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Computer-based Assistive Technology: FAQ

What computer-based assistive technology does the library provide?

SFPL provides computer workstations to help make online information and print materials more accessible to persons who are blind, have learning differences (such as dyslexia and attention deficit disorder [ADD]), have low vision, or have disabilities that affect their mobility or dexterity. Patrons can magnify the computer screen, have the contents of a computer screen read aloud, scan in materials to be read aloud or printed out, and use voice commands for word processing. The following list describes SFPL's assistive technology software in more detail.

Magnification

Software designed specifically for users with low vision: ZoomText Magnifier/Reader magnifies text and reads text aloud. Individual users can change print size, color, font style and background color.

Screen to Speech

Software for users who are blind or have low vision: JAWS enables users to hear text that appears on the computer screen, whether from the online catalog, the Internet or documents created in Microsoft Word or Excel.

Text to Speech

Software for people with reading disabilities: Kurzweil 3000 scans print material (including text & pictures), converts text to speech, highlights the text and reads it out loud. This computer program has the ability to read from a graphical Internet browser and includes a built-in dictionary with pronunciations. Read & Write speaks text as it is being typed, performs real-time spell checking, can suggest phonetically close spellings, will automatically correct words and provides automatic word prediction. WYNN Wizard scans print material, converts text to speech, highlights the text and reads it out loud. Software for people who are blind, have low vision, or have learning differences: Open Book converts -- into speech -- information that has been scanned into the computer. As the computer reads aloud, information is highlighted word-by-word on the screen. VERA (Very Easy Reading Appliance) operates as a stand-alone reading machine. Printed material (English only) is scanned in and then read aloud.

Voice Recognition

Dragon NaturallySpeaking was developed for users unable to effectively use a keyboard: Dragon NaturallySpeaking allows users to enter commands or dictate text by speaking into a microphone. Before learning to use Dragon NaturallySpeaking, users must know how to use Microsoft Windows and any Windows-based program (for example Word or Excel) they will be using.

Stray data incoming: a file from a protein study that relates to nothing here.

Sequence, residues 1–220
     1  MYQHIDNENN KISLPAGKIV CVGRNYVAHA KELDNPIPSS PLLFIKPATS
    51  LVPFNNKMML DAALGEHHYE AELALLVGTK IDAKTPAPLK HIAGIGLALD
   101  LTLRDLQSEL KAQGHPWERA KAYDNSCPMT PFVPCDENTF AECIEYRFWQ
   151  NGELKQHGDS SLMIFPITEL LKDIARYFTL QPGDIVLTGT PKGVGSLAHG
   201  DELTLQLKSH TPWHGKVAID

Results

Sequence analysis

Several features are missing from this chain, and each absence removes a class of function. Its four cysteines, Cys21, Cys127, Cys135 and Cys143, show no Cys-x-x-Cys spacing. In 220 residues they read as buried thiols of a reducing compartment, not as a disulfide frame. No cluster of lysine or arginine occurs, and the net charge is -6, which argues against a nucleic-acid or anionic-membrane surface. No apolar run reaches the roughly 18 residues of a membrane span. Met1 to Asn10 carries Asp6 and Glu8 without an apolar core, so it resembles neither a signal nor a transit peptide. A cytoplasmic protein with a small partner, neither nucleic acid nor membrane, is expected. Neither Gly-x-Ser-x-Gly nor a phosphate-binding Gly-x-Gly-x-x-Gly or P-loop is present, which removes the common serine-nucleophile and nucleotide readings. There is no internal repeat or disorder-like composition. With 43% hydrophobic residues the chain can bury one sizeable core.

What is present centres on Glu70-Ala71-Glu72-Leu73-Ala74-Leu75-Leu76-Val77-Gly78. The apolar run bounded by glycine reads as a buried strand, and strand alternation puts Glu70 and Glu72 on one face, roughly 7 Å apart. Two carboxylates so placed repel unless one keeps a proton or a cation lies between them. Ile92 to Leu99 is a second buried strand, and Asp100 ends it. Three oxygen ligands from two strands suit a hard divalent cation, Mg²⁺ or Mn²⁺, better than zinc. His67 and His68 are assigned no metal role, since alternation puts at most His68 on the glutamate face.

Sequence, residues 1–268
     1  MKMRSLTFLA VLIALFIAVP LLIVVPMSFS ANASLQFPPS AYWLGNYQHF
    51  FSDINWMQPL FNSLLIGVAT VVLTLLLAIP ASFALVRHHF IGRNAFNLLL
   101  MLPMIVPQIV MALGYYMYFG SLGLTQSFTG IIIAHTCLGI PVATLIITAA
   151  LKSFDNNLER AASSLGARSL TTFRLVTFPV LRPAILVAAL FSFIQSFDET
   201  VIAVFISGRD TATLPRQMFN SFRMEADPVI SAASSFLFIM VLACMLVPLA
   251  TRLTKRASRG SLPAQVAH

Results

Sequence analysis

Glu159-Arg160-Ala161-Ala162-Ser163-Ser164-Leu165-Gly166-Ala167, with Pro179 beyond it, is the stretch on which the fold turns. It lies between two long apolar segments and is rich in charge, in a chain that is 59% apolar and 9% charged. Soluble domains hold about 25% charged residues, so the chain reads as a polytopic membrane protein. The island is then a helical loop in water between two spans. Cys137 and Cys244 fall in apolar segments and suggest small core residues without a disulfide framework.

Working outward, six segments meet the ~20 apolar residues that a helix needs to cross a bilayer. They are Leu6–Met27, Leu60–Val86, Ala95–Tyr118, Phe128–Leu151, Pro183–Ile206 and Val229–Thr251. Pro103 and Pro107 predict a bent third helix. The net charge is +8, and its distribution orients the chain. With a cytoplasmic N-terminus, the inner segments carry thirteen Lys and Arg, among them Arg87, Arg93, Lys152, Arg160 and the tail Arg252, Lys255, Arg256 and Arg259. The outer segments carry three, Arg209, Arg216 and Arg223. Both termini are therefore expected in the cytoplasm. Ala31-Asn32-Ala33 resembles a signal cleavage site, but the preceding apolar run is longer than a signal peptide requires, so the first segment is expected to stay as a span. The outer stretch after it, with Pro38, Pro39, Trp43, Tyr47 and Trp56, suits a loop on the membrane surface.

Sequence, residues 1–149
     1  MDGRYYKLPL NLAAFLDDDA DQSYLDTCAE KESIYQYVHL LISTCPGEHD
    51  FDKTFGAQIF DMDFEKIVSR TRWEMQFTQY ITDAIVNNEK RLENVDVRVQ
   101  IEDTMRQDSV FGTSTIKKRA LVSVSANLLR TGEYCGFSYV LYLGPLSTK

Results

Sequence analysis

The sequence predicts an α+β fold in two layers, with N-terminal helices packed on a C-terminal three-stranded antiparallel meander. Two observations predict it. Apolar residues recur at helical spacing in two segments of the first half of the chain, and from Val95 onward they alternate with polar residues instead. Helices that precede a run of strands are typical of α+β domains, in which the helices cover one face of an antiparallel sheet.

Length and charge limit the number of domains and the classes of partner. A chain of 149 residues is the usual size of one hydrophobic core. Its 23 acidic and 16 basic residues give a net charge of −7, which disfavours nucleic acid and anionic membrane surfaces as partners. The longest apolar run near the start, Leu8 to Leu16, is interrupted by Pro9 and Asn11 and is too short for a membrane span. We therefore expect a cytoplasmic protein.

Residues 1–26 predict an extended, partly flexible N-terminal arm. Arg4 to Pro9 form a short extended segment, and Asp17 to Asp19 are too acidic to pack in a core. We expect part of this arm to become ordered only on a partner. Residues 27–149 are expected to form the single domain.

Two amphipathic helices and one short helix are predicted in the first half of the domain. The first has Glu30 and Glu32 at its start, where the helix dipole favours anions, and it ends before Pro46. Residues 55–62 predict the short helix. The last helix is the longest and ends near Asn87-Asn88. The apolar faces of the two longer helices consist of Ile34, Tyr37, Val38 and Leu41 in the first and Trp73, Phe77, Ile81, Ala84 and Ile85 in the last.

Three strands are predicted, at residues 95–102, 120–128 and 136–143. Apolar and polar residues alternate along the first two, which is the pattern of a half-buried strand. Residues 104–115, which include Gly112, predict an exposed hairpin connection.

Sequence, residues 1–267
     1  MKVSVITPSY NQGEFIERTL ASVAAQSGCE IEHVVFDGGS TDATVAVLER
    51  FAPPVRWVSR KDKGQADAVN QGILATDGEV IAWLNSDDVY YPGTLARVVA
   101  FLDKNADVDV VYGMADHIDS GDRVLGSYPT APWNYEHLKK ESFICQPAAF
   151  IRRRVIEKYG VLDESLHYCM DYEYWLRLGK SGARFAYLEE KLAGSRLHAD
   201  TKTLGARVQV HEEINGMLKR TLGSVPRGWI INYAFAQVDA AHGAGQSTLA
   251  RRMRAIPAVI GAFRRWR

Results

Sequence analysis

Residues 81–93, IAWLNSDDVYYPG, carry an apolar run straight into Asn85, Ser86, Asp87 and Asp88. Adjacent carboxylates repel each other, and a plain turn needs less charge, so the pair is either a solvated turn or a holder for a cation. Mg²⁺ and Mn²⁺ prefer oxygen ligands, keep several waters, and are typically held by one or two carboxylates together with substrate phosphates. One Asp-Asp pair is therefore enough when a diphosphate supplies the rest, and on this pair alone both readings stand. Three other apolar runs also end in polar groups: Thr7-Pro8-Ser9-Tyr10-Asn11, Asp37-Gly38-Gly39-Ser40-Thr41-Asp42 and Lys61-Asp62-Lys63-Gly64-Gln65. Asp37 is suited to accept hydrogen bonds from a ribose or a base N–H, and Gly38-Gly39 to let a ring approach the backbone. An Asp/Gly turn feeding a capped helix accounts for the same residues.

Where can I find these resources in the library?

At this time, these resources are only available at the Main Library at 100 Larkin Street in Civic Center.

Personal Computers with Assistive Technology

Workstations throughout the building are equipped as follows:

2nd Floor: Library for the Blind and Print Disabled

  • JAWS, Open Book, refreshable braille display with Megadots and embosser, ZoomText Magnifier/Reader and VERA reading station (stand-alone). Internet access, Word, and Excel.

3rd Floor (check in at the Page Desk)

  • AT Room: Inspiration, WYNN, Read & Write, and ZoomText Magnifier/Reader + VERA reading station (stand-alone). Internet access, Word and Excel.
  • Glass Study Room: Dragon Naturally Speaking, Kurzweil 3000, and ZoomText Magnifier/Reader. Internet access, Word, and Excel.

4th Floor (check in at the Page desk)

  • AT Room: JAWS, Open Book, and ZoomText Magnifier/Reader. Internet access, Word and Excel.

5th Floor (check in at the Page Desk)

  • AT Room: Dragon Naturally Speaking, and ZoomText Magnifier/Reader. Internet access, Word, and Excel.

Talking Public Access Terminals

A number of terminals equipped with ZoomText Magnifier/Reader provide access to only the Library's online catalog and reference databases. Staff on each floor of the Main Library can direct you to these terminals:

  • 1st Floor: Deaf Services Center
  • 2nd Floor: Library for the Blind and Print Disabled
  • 3rd Floor: International Center
  • 4th Floor: Art and Music Center
  • 5th Floor: Government Information Center

Who may use these resources?

Anyone may use the talking public access terminals; priority is given to persons with disabilities. The personal computer workstations with assistive technology are restricted to persons with disabilities who have met with a librarian at the Library for the Blind & Print Disabled or the Access Services Manager. Each user must have a valid San Francisco Public Library card. Contact the Library for the Blind & Print Disabled at 557-4253 or the Access Services Manager at 557-4557.

What type of assistance does the library provide for users of computer-based assistive technology?

Staff will show users how to start the computer programs from the menu, how to print, how to scan in documents and will try to help if a problem arises. It is strongly encouraged that users have basic computer skills and familiarity with the keyboard and mouse.

SFPL staff does not provide actual training on how to use these computer programs. Users can learn them on their own, request the assistance of an in-library volunteer or enroll in a training program outside of the library. Staff can provide a list of training resources during your user interview. It is important to note that the level of complexity for each computer program varies. Some, such as Dragon NaturallySpeaking, can require several hours of training. If you are a skilled user and would like to volunteer your time to train other potential users, please contact the Access Services Manager at 557-4557.